--- Part of a box entitled “Forgotten Noir: Collector’s Set, Series Three,” from VCI, latter in present custody of the Robert Lippert library, from which these plus numerous other noirs derive. “Forgotten” is a fair label for the lot, but that doesn’t mean they’re bad, at least not all bad. As curiosities each are OK, and for run-times barely past an hour (The Big Chase 60 minutes on the nose), none need go begging for our entertainment dollar. The Big Chase was pillaged from a 3-D featurette called Bandit Island, which got limited play flat or third dimension. Those 26 minutes ended up as final third of The Big Chase, surrounding story cobbled by son of Lippert, Robert Jr., who colorfully told the story to Tom Weaver for a rollicking interview in Earth vs. the Sci-fi Filmmakers, a 2005 collection highly recommended. The Big Chase has a familiar and likeable cast: Glenn Langan, Adele Jergens, Jim Davis, Douglas Kennedy … and who invited Lon (no dialogue) Chaney to the party? Yet here he is, and Lippert Jr. gave Lon considerable credit for bringing off the “big chase” of title derivation. This is breed of dog that history has kept largely in kennels --- it took digital formats to loose them. Laugh if one likes, but men like Lippert (and son) kept theatres open, their own and others, using product like this, and I doubt they felt a moment’s shame over it, nor should they. Anyone careless enough to pay ways into a show like The Big Chase deserved what they got, and who knows, it might have pleased well as anything major studios tendered. There is no accounting in the end for an audience’s taste.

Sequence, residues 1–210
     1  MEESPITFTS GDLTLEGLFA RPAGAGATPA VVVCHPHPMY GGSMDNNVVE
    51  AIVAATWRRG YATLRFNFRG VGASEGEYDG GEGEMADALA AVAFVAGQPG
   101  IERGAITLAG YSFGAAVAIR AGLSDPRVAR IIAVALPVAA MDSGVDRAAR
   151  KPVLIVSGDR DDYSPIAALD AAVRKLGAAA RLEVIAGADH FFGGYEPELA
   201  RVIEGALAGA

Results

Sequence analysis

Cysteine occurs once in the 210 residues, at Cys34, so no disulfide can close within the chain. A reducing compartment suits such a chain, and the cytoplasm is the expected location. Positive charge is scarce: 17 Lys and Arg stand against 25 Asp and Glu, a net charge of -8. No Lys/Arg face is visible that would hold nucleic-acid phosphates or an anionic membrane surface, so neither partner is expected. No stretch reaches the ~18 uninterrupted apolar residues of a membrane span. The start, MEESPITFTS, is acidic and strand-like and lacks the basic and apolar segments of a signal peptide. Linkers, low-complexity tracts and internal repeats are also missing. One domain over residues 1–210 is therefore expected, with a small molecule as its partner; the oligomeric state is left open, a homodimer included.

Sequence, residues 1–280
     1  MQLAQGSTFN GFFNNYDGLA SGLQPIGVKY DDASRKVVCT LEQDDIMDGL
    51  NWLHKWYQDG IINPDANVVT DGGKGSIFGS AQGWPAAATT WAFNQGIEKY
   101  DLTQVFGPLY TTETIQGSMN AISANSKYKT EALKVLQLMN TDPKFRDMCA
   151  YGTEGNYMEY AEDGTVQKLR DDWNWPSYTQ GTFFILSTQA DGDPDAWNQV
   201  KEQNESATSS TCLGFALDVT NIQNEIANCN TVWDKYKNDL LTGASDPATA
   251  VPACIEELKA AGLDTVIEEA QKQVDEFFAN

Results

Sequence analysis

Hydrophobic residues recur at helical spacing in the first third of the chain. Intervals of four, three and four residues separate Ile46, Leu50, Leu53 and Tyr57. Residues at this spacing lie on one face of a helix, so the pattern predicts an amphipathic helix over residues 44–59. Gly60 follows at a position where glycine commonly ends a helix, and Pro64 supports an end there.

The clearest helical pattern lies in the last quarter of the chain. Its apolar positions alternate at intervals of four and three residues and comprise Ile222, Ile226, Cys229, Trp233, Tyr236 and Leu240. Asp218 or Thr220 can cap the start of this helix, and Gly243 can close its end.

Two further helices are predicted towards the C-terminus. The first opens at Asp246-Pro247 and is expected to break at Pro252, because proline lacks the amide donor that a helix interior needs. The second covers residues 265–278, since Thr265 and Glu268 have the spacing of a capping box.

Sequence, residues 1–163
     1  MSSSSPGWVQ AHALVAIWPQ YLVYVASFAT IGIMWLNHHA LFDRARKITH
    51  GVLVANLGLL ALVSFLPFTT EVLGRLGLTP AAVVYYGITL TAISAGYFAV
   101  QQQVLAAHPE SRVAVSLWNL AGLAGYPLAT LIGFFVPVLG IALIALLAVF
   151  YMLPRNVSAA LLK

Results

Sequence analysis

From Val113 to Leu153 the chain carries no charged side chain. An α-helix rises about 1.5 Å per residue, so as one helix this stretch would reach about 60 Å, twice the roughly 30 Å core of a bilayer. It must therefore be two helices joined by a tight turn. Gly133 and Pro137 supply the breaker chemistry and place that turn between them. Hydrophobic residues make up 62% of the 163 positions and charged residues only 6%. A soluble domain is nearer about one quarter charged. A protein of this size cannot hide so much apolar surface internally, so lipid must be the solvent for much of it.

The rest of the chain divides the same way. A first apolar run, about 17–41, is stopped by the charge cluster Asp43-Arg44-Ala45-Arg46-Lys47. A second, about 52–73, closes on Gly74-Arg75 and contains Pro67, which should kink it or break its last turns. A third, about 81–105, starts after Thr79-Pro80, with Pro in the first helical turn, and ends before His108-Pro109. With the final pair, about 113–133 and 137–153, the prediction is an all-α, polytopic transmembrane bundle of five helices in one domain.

BLACKOUT (1954) --- Another of Hammer noirs fronted by Robert Lippert and featuring an imported American star. Dane Clark was a name, but not one lately associated with tops of bills. Lippert must have estimated bookings to a pinpoint before committing to these, like program westerns on ways out. He had enough theatres of his own to almost pay freight, product generated cheaper overseas than stateside. Hammer had begun shooting at their Bray facility, everyone in close quarters as sets were necessarily small. To look upon ingenuity applied here is to appreciate how well Hammer delivered under very frugal conditions. Despite success that came with horror films, there was always struggle to keep lights on and staff in groceries, making me wonder if distributors didn’t rake off excess bounty the small company might have been entitled to. Hammer after all was no match for giant UK circuits, let alone sharks swimming in the US used to grabbing it all where they could do so unchallenged. Blackout (alternate title Murder by Proxy) has twists enough to engage. I was wrong on my guess as to the killer’s identity, advantage Hammer and experienced writing hand of Richard Landau. Brit support always made Yank leads look good. They let Dane Clark be the big noise without reminding him theirs was the bigger talent. “Journeyman” is a badge of honor where worn by character folk who seemingly could perform anything and had done so for long a time at least as any arriver from the colonies. Hammer was already softening UK accents to make dialogue decipherable. There had been complaints about British speech as heard by American viewership, and an only checkmate to this was training artists to speak in US-plain, a tip Bob Lippert no doubt conveyed at start of all his Brit-lensed projects. Blackout streams here/there, was sold at one time by Kit Parker, but a lot of their UK-noirs appear to have gone out of print, tolls pretty high if we want any of them now.